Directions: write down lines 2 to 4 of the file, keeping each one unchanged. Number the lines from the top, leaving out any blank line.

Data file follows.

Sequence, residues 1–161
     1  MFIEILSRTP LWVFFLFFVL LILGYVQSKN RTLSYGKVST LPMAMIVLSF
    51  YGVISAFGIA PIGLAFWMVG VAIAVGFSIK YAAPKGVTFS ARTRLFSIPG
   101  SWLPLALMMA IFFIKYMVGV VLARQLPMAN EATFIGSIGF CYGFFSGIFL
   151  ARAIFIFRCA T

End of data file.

     1  MFIEILSRTP LWVFFLFFVL LILGYVQSKN RTLSYGKVST LPMAMIVLSF
    51  YGVISAFGIA PIGLAFWMVG VAIAVGFSIK YAAPKGVTFS ARTRLFSIPG
   101  SWLPLALMMA IFFIKYMVGV VLARQLPMAN EATFIGSIGF CYGFFSGIFL